We investigated the impact of suppressing AEWs using a 3-member ensemble of convection-permitting regional model simulations, in which AEWs were either retained or removed through the lateral boundary conditions. Suppressing AEWs did not substantially change seasonal TC number, but did influence TC intensity and genesis location. Suppressing AEWs produced stronger TCs and reduced (increased) TC genesis in the eastern Atlantic (Gulf of Mexico). These results provide robust evidence that AEWs may not be reliable predictors of basin-wide seasonal TC frequency. However, this research suggests that AEWs may influence TC tracks and landfall location.
- Danso, D. K., Patricola, C. M., & Bercos-Hickey, E. (2022). The Influence of African Easterly Wave Suppression on Atlantic Tropical Cyclone Activity in a Convection-Permitting Model. Geophysical Research Letters, 49, e2022GL100590.
This research was supported by the U.S. Department of Energy Office of Science (BER RGCM program) under Early Career Research Program Award Number DE-SC0021109 and under Award Number DE-AC02-05CH11231. High-performance computing resources provided by the National Energy Research Scientific Computing Center (NERSC).
ENSO diversity and tropical cyclone variability
El Niño, the occurrence of unusually warm sea-surface temperature over the equatorial East Pacific Cold Tongue, is an important predictor of seasonal Atlantic tropical cyclone activity. In recent decades El Niño has been characterized more often by Central Pacific Ocean warming, and there is no consensus regarding how this shift in location of ocean warming impacts Atlantic tropical cyclones due to a short data record. In addition, an increasing trend in the intensity of Central Pacific, or “Warm Pool,” El Niño has been observed recently and projected in the future. It is unknown how this potential change will impact Atlantic tropical cyclones. We find, using climate model simulations, that for observed warming intensities characteristic of the top 90th percentile, Warm Pool El Niño is 50% less effective at suppressing Atlantic tropical cyclones than Cold Tongue El Niño. However, for the same absolute warming intensity (~2.25°C), Warm Pool El Niño is 50% more effective than Cold Tongue El Niño. Atlantic tropical cyclones are suppressed regardless of El Niño type, since both are characterized by sufficient warming east of the Pacific warm pool, which satisfies the sea-surface temperature threshold for an eastward migration of deep convection leading to tropical cyclone suppression via tropical Atlantic vertical wind shear enhancements. This work highlights the necessity to understand how the frequency, location, and intensity of El Niño are expected to change in the future in order to make the best-informed forecasts and projections of Atlantic tropical cyclone activity.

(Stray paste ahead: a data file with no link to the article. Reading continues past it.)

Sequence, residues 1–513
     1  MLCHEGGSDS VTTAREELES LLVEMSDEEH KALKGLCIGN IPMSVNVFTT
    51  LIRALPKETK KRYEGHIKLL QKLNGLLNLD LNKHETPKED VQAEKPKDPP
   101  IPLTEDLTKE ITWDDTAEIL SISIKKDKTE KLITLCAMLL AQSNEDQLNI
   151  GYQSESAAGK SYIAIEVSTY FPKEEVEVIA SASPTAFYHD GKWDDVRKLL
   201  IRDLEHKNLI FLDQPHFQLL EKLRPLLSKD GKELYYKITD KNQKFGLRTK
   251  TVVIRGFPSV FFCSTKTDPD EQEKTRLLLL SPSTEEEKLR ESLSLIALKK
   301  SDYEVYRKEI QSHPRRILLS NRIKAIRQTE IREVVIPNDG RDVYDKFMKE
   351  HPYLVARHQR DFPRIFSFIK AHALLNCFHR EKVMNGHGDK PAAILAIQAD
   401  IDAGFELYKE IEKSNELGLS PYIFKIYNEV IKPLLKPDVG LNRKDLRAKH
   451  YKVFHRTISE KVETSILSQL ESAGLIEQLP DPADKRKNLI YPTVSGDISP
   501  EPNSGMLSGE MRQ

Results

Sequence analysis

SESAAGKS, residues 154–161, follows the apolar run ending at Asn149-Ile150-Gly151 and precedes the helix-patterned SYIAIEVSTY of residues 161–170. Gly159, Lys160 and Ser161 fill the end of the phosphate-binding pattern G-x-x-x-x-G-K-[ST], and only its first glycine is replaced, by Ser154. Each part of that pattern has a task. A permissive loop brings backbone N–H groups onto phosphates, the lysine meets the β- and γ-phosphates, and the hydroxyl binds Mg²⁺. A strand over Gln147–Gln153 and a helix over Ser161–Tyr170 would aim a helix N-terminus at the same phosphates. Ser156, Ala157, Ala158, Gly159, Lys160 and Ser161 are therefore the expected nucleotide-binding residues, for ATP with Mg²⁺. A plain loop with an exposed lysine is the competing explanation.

- Patricola CM, Chang P, Saravanan R (2016) Degree of simulated suppression of Atlantic tropical cyclones modulated by flavour of El Niño. Nature Geoscience, 9, 155–160.
- Patricola CM, Camargo SJ, Klotzbach P, Saravanan R, Chang P (2018) The Influence of ENSO Flavors on Western North Pacific Tropical Cyclones. Journal of Climate, 31(14), 5395-5416.
This research was supported by the U.S. National Science Foundation (Grant AGS-1347808). High-performance computing resources provided by the Texas Advanced Computing Center (TACC) at The University of Texas at Austin through the Extreme Science and Engineering Discovery Environment (XSEDE) and by the Texas A&M Supercomputing Facility.